There are two portieres displayed in the Maplewood Hotel at Lily Dale, New York-carefully framed and covered with Plexiglas. Lily Dale and all of spiritualism should be aware there were only a few of these tapestries made by the famed Molly Fancher “The Brooklyn Enigma”-one displayed at The Metropolitan Museum of Art in New York City.
Arthur Myers a former Lily Dale resident, opera singer, lecturer, historian and foremost collector of spiritualist memorabilia purchased the set of portieres through his connections in New York City.
Some background about Molly [Mary] Fancher 1842-1916. Molly was seriously injured two times in three years between the age of 16 and 19. The first was she was thrown from a horse and received a concussion and broken ribs and bones. After she was nursed back to health and able to get out and about she was exiting a streetcar and her hoop skirt became caught and she was dragged down the street. This time her injuries were more severe. She was crippled bodily, totally blind and bed ridden throughout her lifetime passing away at age 70.
Sightless and handicapped, being unable to use her hands normally, by placing her hands behind her head [she claimed she could see behind her head], under spirit control created many articles of embroidery with intricate design. She was constantly in pain, cared for and the sale of her embroidery provided for her support.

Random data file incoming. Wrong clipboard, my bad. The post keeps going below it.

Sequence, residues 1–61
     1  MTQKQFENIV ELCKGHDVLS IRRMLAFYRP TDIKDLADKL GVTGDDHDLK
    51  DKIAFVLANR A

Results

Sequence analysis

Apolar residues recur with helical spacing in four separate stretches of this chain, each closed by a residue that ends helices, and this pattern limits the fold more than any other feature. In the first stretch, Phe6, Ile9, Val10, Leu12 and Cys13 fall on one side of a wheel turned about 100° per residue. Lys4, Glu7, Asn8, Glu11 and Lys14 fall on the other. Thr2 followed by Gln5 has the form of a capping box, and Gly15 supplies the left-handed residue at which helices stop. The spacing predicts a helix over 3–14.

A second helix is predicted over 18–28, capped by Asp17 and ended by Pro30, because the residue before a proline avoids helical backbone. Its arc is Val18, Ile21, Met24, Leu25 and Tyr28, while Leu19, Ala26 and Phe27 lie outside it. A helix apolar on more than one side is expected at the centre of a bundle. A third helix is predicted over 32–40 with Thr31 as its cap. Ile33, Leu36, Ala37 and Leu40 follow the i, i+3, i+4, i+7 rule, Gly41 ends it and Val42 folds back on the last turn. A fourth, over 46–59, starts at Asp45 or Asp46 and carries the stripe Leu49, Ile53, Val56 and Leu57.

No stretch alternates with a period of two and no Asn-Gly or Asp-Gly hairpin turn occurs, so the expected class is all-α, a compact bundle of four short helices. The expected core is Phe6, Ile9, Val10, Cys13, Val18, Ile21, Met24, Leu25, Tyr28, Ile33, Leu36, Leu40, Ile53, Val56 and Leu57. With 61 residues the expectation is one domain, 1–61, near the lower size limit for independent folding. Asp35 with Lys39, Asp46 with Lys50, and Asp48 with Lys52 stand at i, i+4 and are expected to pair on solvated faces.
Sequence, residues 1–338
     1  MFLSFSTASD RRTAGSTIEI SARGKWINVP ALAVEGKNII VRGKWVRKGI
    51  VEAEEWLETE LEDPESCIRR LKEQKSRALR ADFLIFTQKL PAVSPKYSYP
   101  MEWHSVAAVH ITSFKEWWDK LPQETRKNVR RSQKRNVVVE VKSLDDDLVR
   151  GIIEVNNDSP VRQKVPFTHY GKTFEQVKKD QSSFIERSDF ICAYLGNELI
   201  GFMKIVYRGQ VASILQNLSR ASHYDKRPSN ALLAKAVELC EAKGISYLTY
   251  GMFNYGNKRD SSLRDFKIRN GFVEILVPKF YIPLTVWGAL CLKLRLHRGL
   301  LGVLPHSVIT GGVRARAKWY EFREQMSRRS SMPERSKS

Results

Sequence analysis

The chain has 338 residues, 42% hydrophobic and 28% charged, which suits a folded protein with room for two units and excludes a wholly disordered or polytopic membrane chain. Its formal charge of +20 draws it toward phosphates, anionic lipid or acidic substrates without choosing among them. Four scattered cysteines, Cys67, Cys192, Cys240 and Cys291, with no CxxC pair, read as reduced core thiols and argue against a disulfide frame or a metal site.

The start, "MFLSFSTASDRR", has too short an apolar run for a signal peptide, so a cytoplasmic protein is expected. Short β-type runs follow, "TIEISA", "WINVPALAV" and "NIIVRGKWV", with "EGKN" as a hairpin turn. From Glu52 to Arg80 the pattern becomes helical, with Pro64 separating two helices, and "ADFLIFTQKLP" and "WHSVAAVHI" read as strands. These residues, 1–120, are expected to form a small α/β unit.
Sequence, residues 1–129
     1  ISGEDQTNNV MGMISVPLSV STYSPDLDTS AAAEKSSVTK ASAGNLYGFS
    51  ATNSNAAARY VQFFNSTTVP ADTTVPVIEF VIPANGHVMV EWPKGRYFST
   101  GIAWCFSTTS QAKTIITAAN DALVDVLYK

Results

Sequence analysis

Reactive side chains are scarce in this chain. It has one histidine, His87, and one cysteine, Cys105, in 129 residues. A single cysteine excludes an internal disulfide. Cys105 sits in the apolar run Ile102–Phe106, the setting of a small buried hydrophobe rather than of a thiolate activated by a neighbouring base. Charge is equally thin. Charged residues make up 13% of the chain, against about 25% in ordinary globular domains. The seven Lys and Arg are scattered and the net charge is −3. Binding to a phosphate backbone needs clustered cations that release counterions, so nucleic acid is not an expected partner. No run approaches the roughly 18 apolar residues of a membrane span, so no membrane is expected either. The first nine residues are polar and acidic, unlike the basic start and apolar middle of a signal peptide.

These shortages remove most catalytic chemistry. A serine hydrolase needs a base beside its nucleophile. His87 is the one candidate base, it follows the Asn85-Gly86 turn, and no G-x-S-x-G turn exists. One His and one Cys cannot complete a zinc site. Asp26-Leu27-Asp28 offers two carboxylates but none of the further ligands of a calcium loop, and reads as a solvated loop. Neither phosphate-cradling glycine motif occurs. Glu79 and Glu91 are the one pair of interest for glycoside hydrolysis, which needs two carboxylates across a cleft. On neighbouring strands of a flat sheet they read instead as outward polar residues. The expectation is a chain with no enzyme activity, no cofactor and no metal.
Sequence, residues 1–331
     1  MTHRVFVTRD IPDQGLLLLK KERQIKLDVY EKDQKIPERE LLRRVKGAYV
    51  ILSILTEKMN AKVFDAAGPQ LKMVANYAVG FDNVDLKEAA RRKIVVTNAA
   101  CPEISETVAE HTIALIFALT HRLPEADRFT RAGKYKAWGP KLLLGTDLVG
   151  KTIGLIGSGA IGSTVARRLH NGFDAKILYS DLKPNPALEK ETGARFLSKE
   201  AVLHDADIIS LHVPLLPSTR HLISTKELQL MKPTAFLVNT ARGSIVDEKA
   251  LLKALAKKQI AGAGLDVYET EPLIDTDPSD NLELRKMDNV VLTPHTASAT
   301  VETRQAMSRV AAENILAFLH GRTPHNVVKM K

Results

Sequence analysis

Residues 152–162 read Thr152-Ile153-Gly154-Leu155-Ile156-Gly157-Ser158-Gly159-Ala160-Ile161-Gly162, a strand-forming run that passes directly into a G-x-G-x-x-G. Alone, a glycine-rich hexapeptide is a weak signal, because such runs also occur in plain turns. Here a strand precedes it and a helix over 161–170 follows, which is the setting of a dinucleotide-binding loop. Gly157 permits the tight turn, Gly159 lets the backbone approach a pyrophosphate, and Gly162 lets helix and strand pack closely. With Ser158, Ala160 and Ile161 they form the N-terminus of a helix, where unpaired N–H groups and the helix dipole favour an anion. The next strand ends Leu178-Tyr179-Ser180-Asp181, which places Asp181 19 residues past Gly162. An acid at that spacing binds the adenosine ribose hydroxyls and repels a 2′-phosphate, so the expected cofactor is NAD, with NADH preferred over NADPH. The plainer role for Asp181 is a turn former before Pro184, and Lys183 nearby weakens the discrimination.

Leading physicians of the day could not account for her medical condition or her accomplishments-thus the title “The Brooklyn Enigma”. Molly was able to exist on very little food or liquid and for long periods of time had no intake at all.
Bedridden for 48 years Molly passed in and out of “conscious coma”. Several different distinct personalities would take charge of her body. The personalities were easily recognized as a child happy and buoyant, another fretful and petulant. One an older person who conversed about daily life, current events etc. and the fourth could do the remarkable embroidery. The fourth personality choose her materials, did her own designing, penned the color schemes and produced the remarkable art work even though Miss Fancher’s eyes could not see, and her stiffened arm forced the needlework to be done behind her head instead in front.
Spiritualists immediately recognize her artistry as the finest example of spirit direction accomplished through natural law by whose powers were greater than the medium. Miss Fancher lived more in the etheric than in the physical. Even though confined to her bed she was able to visit homes of friends, listen to symphony concerts, describe works of art at various museums and direct household duties to her servants. It is her remarkable needlework that she has left as a heritage to future generations-proof positive that there is a fund of knowledge in the etheric far greater than can be conceived by mortal minds.